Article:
There’s a noticeable split here. The Tourer rag tops command the most money, the best proud of ten grand. In contrast, a comparable saloon can sell for half this amount with the Traveller, and most commercials somewhere in between. Millionth Minors have been known to sell for big bucks (close to £30K!!) but before you sign on the dotted, ensure it’s not a fake and it takes an expert to sort one. Sympathetically altered cars may carry a premium as will bespoke builds such as Charles Ware’s wares but major modded Minors may be difficult to shift at any price.


Utterly classless and unpretentious Morris Minors worm their way into your life like a loved pet and living without one doesn’t seem quite the same. In other words, by all means buy a Morris Minor but don’t be surprised if it becomes part of the family. Also the club social scene is second to none – another reason owners keep a hold of their Moggies.

Major minors

Ever considered a major Minor? The larger, roomier Wolseley 1500 and the sportier twin carb Riley 1.5 was designed to replace the original in the late 1950s but instead was given to these more upmarket marques. They have a similar character to the Minor and sport the larger 1.5-litre B Series engine and a luxurious interior yet values strangely lag enough to make one a tempting alternative

Junior minors

The junior Minor pedal car has returned after almost 30 years. Similar in size to the better known Austin J40, the Junior Minors are hand-built each carrying their own chassis numbers and available in Oxford Blue, Old English White and British Racing Green. Minor specialist East Sussex Minors (ESM) is looking after the sales, with prices at £2950 (inc VAT), which just about gets you a half decent saloon! However , these miniature Minors will be collectors’ items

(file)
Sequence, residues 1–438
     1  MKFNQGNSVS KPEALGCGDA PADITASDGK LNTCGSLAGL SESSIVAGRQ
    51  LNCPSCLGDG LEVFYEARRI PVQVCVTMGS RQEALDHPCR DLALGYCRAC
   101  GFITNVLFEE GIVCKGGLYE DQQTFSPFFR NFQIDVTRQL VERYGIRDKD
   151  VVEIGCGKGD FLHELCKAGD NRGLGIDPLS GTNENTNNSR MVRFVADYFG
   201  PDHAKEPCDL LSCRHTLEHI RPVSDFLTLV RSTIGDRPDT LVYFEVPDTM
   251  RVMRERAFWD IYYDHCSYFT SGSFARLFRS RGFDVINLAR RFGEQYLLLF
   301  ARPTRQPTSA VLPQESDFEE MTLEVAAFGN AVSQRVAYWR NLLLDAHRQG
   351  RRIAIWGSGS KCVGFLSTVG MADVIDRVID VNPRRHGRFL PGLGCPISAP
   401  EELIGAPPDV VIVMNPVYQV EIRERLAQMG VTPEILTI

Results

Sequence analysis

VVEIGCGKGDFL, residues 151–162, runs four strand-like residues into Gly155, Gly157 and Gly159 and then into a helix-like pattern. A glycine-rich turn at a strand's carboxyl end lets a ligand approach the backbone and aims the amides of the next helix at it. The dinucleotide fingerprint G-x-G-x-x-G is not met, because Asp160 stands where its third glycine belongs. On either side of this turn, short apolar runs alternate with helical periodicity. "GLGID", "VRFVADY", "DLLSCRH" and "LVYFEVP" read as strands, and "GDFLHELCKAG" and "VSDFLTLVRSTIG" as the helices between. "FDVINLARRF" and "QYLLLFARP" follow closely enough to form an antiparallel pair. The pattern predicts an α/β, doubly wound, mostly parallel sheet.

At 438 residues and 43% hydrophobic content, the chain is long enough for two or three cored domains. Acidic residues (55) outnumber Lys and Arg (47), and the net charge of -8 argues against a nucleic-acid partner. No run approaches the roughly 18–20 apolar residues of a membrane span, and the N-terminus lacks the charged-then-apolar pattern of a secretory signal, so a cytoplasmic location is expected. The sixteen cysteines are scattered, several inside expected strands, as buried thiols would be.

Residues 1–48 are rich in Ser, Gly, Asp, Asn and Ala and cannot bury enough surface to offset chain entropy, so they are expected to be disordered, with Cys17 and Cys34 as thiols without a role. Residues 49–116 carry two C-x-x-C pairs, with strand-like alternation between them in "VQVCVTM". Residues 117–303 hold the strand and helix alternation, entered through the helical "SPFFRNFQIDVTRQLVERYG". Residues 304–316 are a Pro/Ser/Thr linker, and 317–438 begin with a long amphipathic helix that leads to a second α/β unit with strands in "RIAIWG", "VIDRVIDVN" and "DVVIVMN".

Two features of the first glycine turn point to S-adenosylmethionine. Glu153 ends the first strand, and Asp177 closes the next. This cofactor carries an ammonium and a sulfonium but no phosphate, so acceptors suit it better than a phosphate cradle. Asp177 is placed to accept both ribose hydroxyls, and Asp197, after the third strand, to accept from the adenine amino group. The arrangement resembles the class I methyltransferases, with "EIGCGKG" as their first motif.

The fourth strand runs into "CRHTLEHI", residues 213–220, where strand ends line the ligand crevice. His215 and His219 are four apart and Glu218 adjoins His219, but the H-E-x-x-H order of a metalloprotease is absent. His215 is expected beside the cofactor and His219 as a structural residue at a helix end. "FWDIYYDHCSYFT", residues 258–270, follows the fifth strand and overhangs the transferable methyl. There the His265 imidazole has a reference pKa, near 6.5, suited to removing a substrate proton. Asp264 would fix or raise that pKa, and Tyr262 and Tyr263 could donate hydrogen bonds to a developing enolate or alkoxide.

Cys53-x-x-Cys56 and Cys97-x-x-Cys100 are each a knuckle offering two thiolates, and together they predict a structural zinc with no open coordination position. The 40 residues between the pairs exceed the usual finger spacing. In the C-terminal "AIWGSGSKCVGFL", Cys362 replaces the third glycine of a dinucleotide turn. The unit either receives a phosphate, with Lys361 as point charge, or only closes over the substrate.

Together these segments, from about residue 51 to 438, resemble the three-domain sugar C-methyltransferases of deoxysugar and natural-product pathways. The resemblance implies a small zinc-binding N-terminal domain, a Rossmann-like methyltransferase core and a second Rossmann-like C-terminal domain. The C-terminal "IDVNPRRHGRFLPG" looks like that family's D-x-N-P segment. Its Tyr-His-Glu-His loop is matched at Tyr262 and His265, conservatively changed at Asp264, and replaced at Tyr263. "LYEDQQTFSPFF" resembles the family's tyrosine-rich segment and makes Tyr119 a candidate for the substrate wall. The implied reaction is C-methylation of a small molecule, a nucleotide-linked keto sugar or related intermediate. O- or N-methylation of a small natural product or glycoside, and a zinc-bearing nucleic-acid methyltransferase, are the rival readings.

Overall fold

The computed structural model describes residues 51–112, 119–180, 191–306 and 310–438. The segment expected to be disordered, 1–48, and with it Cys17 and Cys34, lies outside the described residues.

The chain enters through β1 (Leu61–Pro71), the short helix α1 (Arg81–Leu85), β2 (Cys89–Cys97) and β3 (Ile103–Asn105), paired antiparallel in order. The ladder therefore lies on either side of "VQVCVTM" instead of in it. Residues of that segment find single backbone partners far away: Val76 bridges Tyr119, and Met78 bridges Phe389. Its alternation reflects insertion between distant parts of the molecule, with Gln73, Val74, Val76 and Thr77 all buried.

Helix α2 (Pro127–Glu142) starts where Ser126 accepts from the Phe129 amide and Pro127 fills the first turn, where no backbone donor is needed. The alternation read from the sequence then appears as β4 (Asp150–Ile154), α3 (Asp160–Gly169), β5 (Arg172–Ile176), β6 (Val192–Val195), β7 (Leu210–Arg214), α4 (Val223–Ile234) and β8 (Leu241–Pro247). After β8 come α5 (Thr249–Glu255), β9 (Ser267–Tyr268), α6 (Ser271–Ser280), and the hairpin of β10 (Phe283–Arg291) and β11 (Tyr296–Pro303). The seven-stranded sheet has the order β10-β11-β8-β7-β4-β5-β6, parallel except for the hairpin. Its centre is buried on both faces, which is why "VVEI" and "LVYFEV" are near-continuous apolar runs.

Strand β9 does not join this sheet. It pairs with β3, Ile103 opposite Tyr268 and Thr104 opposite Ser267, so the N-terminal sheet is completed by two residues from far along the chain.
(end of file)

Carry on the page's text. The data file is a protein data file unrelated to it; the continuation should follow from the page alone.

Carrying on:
Top five faults


Watch for converted saloons into drop-tops. Done properly is quite okay, but such conversions are passed off as genuine cars and similarly charged! You can have a brand ‘new’ Minor made by the likes of Charles Ware’s Morris Minor Centre to your own spec which could be a cost effective move in the long run. Many cars are uprated to some degree so best check the workmanship


There’s a good chance a middling Minor is hiding structural corrosion somewhere. Rear chassis extensions, suspension hangers and front chassis legs let go as does the front crossmember – the rest is fixable though. Woodwork on Travellers is structural so needs checking with care and watch for bodges. Repair sections available but can cost £2000 plus professionally fitted


Few worries here thanks to robust design but can become noisy and smoke profusely when worn. Rattles are usually the tappets or camshaft wear and engines ideally need an unleaded cylinder head conversion. Replacement engines are attainable enough and overhauling can be done with engine in situ for DIY owners. Marina/Midget 1275 unit works a treat


Moggies respond well to tweaks, if done right. Five-speeds are popular but unless the 1275 unit is used or existing engine is uprated makes ‘fifth’ almost useless due to lack of guts – a taller axle ratio can be a better solution. Front discs work well but some advise only having the servo work the front brakes. Generally, owners are only after mild, intelligent modifications

Running gear

Trunnions and swivel pins wear out. At the rear, check leaf springs are ok especially the front mountings. The brake master cylinder resides inside the chassis rail consequently it suffers. Gearboxes and axles can be noisy and only 1098cc cars have good a supply. Car stalls with clutch disengaged? It could be crankshaft thrust washer wear meaning a strip down